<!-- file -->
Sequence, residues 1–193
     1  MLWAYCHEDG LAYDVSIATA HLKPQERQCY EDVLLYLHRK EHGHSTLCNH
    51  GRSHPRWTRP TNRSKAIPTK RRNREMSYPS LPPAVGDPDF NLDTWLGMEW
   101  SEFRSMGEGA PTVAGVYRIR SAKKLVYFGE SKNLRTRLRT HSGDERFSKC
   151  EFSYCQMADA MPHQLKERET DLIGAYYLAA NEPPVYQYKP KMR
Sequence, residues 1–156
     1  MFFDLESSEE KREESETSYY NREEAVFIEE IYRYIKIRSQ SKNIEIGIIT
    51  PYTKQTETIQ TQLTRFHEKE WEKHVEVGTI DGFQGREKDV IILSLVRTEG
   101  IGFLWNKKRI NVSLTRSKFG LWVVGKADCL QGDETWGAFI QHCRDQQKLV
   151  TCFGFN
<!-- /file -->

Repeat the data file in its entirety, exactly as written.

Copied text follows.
Sequence, residues 1–193
     1  MLWAYCHEDG LAYDVSIATA HLKPQERQCY EDVLLYLHRK EHGHSTLCNH
    51  GRSHPRWTRP TNRSKAIPTK RRNREMSYPS LPPAVGDPDF NLDTWLGMEW
   101  SEFRSMGEGA PTVAGVYRIR SAKKLVYFGE SKNLRTRLRT HSGDERFSKC
   151  EFSYCQMADA MPHQLKERET DLIGAYYLAA NEPPVYQYKP KMR
Sequence, residues 1–156
     1  MFFDLESSEE KREESETSYY NREEAVFIEE IYRYIKIRSQ SKNIEIGIIT
    51  PYTKQTETIQ TQLTRFHEKE WEKHVEVGTI DGFQGREKDV IILSLVRTEG
   101  IGFLWNKKRI NVSLTRSKFG LWVVGKADCL QGDETWGAFI QHCRDQQKLV
   151  TCFGFN